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Astronaut’s 360 video shows off one of the best-equipped modules on ISS

The International Space Station (ISS) is made up of lots of modules that have been added over its 20-year history, and current crew member Thomas Pesquet offered a tour of one this week.

Space Station 360 – Columbus module (in French with English subtitles available)

The immersive 360-degree video (above) offers our best look yet at the European Space Agency’s Columbus module, a research facility that was delivered to the the ISS by a NASA space shuttle in 2008.

The 75-cubic-meter module is Europe’s largest single addition to the space station and was the first permanent European research facility to be sent to space. Its operation is overseen by the Columbus Control Centre at the German Space Operations Center near Munich.

Pesquet says that while it may not be the largest module on the space station — that accolade goes to the Japanese Experiment Module, also known as Kibo — it is definitely one of the best-equipped.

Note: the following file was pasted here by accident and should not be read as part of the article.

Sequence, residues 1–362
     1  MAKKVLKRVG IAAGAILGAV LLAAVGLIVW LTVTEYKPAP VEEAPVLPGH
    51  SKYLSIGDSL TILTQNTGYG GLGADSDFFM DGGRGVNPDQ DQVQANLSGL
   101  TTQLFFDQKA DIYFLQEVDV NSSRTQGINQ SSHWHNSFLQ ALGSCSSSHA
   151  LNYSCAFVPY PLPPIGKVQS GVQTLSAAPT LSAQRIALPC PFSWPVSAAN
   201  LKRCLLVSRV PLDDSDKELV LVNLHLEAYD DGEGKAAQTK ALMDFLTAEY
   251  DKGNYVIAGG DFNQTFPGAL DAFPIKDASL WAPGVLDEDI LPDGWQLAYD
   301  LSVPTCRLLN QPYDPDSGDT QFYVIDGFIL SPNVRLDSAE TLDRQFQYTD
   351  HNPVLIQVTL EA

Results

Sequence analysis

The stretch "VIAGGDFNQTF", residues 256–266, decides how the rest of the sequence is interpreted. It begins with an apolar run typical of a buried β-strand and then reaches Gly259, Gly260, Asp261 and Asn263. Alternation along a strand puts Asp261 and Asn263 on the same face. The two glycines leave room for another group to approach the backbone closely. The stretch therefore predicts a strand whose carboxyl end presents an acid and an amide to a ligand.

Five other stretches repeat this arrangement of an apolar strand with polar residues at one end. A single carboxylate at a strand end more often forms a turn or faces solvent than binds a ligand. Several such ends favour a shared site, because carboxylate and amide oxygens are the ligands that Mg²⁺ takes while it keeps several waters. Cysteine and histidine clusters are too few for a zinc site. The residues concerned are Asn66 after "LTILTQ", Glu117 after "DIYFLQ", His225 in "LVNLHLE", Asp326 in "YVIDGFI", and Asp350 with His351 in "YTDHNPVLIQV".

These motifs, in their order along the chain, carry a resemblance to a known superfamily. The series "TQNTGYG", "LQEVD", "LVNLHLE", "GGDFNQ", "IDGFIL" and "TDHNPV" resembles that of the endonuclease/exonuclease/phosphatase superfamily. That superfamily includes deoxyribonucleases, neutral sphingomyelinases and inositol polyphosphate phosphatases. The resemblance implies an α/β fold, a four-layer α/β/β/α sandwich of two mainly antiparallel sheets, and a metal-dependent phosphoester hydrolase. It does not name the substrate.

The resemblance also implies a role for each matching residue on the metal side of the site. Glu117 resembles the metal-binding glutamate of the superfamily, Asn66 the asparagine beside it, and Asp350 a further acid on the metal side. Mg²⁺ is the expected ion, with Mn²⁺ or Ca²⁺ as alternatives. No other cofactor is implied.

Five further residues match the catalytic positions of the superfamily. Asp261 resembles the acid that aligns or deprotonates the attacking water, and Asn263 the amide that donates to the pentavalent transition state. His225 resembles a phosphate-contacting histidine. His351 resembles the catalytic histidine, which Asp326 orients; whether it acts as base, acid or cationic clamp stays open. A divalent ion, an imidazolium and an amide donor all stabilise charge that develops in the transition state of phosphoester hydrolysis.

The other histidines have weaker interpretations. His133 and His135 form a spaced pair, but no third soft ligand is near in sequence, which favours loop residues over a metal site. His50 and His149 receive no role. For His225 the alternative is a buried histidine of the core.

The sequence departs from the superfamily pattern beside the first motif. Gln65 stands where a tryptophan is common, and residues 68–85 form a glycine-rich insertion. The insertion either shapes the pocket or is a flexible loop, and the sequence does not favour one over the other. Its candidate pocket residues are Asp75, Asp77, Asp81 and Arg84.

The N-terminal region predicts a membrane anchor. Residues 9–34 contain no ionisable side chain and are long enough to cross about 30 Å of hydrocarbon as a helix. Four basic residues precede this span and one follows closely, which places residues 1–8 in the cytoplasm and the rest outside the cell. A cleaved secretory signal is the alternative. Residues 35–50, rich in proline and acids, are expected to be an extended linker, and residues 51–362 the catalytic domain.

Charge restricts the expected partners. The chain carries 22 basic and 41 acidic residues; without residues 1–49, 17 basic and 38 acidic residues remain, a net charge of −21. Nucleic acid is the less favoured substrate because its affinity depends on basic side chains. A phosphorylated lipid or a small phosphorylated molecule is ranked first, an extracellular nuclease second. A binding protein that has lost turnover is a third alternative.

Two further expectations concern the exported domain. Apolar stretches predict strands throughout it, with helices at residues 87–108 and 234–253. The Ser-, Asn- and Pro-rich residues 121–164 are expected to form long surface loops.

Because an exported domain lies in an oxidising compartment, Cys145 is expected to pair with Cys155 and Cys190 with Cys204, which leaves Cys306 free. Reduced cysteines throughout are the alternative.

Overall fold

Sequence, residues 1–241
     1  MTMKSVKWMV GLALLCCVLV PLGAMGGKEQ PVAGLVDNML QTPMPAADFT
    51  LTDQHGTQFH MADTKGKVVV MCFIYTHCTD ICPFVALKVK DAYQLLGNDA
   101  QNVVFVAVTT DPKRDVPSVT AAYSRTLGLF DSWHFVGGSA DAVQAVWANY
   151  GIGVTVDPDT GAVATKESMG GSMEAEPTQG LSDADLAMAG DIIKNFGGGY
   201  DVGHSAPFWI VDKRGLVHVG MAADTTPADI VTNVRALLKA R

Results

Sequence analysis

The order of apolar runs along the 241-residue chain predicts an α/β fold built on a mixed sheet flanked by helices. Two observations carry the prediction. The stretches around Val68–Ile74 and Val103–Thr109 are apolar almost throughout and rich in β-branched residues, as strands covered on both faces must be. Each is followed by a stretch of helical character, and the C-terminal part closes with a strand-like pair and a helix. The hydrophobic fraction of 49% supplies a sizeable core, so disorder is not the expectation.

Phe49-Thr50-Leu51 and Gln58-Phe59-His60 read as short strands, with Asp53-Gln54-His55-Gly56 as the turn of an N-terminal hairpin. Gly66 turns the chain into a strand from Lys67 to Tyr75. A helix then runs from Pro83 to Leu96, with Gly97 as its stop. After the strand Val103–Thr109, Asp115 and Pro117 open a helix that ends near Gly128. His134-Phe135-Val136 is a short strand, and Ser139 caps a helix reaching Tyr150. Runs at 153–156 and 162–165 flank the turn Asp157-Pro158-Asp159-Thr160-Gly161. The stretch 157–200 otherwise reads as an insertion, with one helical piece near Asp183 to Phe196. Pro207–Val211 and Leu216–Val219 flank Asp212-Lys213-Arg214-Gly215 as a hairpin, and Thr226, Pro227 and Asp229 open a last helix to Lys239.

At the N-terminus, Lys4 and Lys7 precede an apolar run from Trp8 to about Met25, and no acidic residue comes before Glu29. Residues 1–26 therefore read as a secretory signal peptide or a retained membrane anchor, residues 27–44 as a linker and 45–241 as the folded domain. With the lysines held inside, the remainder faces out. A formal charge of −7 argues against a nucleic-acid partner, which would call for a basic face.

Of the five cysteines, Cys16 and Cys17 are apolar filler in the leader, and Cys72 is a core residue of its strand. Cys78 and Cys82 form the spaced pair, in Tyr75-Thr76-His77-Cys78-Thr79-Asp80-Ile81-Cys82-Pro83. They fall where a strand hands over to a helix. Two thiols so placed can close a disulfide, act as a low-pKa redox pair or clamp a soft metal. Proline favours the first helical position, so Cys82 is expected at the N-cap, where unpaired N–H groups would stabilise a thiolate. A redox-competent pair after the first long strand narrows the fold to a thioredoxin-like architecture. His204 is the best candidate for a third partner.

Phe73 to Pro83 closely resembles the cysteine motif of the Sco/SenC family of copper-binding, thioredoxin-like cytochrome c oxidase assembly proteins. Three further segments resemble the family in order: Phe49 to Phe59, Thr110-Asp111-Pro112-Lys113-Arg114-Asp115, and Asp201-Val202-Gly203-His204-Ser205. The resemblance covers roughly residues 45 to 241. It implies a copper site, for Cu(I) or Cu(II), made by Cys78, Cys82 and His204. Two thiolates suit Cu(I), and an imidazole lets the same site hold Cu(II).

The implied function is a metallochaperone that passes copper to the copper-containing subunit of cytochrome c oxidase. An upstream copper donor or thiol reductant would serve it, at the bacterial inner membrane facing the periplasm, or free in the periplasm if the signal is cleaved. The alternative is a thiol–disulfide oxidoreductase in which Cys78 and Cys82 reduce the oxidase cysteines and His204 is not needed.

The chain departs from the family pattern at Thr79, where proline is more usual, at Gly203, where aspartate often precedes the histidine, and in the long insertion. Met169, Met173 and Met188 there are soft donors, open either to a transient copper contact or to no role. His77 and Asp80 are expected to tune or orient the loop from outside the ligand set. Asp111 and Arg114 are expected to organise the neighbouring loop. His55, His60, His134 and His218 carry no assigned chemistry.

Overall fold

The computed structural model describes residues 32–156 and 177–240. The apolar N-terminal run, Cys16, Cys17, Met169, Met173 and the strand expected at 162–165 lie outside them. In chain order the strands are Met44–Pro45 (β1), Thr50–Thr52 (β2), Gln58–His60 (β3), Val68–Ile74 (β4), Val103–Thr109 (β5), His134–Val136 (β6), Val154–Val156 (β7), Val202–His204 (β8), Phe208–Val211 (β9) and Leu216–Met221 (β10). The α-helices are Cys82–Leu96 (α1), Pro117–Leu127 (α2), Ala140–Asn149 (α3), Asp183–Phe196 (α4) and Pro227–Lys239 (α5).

In the video, the French astronaut, who arrived at the ISS in April for a six-month stay, points out some of the kit used by the crew for science work both inside and outside the station.

The gear includes Veggie, a kind of high-tech garden where astronauts experiment with growing different types of plants, and the Fluid Science Laboratory for studying the dynamics of fluids in the absence of gravity.

Pesquet also points out a new sleeping station that he says he’ll be using for the second half of his mission.

The video’s 360-degree presentation means that on mobile, you can move the device to follow Pesquet as he guides you around the module (or you can simply use your finger to drag the picture around). On desktop, use the mouse to drag the picture in any direction to get a full view of the module.

Note that Pesquet gives the tour in his native tongue, so if your French language skills aren’t up to it, then just hit the “CC” button on YouTube’s controls for English subtitles.

Want to see more of the space station? Then check out this cinematic fly-through of the orbiting outpost shot in pin-sharp 4K.

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Trevor Mogg
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